Tenochtitlan was one of the most impressive cities in the world
Founded by a small group of nomads, Tenochtitlan would eventually form the centre of the Aztec Empire and become one of the most impressive 16th century cities in the world. At its height, Tenochtitlan was inhabited by around 400,000 people, making it roughly five times larger than London. The city was filled with decorative structures and canals, and was apparently breathtakingly beautiful. Bernal Díaz del Castillo, a Spanish conquistador, wrote in his diary, “some of our soldiers even asked whether the things that we saw were not a dream?”.
The Aztecs referred to themselves as the ‘Mexica’
The word ‘Aztec’ means ‘people of Aztlán’, which is the region of Northern Mexico and the Southern United States that the civilisation called home. The group, however, referred to themselves as the ‘Mexica’, and the word ‘Aztec’ wouldn’t be coined until 1810 – almost three hundred years after the civilisation was destroyed by the Spanish conquistador Hernán Cortés – when German geographer Alexander von Humboldt came up with it as a catch-all term for the disparate civilisations that had inhabited the region.
The Aztecs kept detailed records
Most of the Mesoamerican civilisations that coexisted with the Aztecs either had primitive writing abilities or none at all. The Aztecs, by contrast, kept thorough records of everything, with priests and scholars making inscriptions on deer hide and tree bark using a complex system of hieroglyphs. The Aztecs were also accomplished accountants, and many Aztec documents that have been found by by anthropologists appear to detail debts or transactions.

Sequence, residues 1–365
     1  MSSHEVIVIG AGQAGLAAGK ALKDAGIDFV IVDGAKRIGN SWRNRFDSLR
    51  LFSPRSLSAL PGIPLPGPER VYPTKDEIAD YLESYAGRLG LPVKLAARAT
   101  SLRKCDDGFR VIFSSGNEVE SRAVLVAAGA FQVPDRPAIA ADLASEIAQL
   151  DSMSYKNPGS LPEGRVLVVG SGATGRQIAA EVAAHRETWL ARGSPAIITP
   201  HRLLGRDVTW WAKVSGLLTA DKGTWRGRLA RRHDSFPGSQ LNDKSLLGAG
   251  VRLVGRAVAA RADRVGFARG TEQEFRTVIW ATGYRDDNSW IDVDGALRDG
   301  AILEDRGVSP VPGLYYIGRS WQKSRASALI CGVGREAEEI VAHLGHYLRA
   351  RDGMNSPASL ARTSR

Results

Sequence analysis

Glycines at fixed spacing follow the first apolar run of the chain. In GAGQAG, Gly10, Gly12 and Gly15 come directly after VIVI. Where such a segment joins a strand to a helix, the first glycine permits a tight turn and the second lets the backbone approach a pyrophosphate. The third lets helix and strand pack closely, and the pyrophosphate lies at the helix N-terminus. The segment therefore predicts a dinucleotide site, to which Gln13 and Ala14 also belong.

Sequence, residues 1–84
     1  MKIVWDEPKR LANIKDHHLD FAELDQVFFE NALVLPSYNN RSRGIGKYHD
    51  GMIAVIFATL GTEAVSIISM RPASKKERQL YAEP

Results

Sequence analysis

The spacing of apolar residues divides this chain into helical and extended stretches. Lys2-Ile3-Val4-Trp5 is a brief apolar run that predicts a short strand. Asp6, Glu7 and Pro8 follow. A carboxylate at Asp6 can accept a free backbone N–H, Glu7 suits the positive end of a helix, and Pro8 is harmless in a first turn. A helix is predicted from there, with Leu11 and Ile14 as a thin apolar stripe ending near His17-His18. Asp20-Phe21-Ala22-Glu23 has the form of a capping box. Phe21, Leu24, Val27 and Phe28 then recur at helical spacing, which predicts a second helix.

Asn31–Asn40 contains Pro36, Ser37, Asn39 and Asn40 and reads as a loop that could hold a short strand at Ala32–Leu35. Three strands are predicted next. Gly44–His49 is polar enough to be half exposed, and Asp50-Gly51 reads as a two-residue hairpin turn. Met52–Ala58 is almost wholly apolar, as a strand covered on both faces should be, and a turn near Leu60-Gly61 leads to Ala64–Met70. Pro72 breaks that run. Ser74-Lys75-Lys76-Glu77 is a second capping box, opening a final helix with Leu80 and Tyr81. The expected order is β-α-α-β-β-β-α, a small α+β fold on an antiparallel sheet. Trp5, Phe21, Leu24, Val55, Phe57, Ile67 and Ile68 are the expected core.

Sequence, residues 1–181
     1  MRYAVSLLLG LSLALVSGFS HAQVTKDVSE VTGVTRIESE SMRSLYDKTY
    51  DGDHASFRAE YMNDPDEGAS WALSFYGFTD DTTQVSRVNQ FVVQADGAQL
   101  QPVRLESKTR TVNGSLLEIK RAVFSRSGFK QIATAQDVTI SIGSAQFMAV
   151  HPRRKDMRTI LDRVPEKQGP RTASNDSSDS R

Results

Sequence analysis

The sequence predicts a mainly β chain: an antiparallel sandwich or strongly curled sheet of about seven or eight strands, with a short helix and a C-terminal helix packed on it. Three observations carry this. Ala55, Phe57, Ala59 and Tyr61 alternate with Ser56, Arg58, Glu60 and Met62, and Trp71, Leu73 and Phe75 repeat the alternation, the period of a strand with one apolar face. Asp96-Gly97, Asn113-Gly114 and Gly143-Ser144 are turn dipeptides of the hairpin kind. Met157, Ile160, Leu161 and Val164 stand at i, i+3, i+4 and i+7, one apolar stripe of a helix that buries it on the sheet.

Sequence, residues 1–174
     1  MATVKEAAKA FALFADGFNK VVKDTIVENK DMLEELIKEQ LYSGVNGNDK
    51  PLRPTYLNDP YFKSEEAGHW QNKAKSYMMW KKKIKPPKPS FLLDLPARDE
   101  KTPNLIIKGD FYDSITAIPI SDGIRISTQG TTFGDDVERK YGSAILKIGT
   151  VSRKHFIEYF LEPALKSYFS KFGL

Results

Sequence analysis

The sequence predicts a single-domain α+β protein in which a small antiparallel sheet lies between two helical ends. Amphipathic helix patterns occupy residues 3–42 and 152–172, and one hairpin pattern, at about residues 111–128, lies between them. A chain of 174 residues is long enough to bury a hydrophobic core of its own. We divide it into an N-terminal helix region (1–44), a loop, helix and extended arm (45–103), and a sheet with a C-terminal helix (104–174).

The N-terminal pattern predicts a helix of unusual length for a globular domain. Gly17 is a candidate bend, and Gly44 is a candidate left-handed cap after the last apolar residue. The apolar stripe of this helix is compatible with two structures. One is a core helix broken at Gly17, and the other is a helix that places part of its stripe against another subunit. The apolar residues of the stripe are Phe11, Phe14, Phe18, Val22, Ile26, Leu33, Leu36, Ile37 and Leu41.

They founded Tenochtitlan in 1325 AD
After migrating to the Basin of Mexico, the Aztecs settled on an island in Lake Texcoco. According to legend, the young civilisation decided to build its capital city – Tenochtitlan – on the island after witnessing an eagle eating a snake whilst perched upon a cactus. The Aztecs took this as a prophecy and founded what would become one of the greatest Mesoamerican cities of all time, eventually growing to a population of around 400,000. The eagle, snake, and cactus are still depicted on the Mexican flag.
The Aztecs were the first to discover chocolate
Somewhat surprisingly for such a bloodthirsty civilisation, The Aztecs were complete chocoholics. They believed that cacao was a gift to them from the gods, and the beans were considered more valuable than gold. Whilst the Aztecs didn’t process cacao into what we think of as chocolate, they did use it to make both hot and cold chocolatey beverages called ‘xocolatl’ that were high in caffeine. The Aztec ruler Montezuma II was said to be such a fan of xocolatl that he drank gallons of the stuff a day.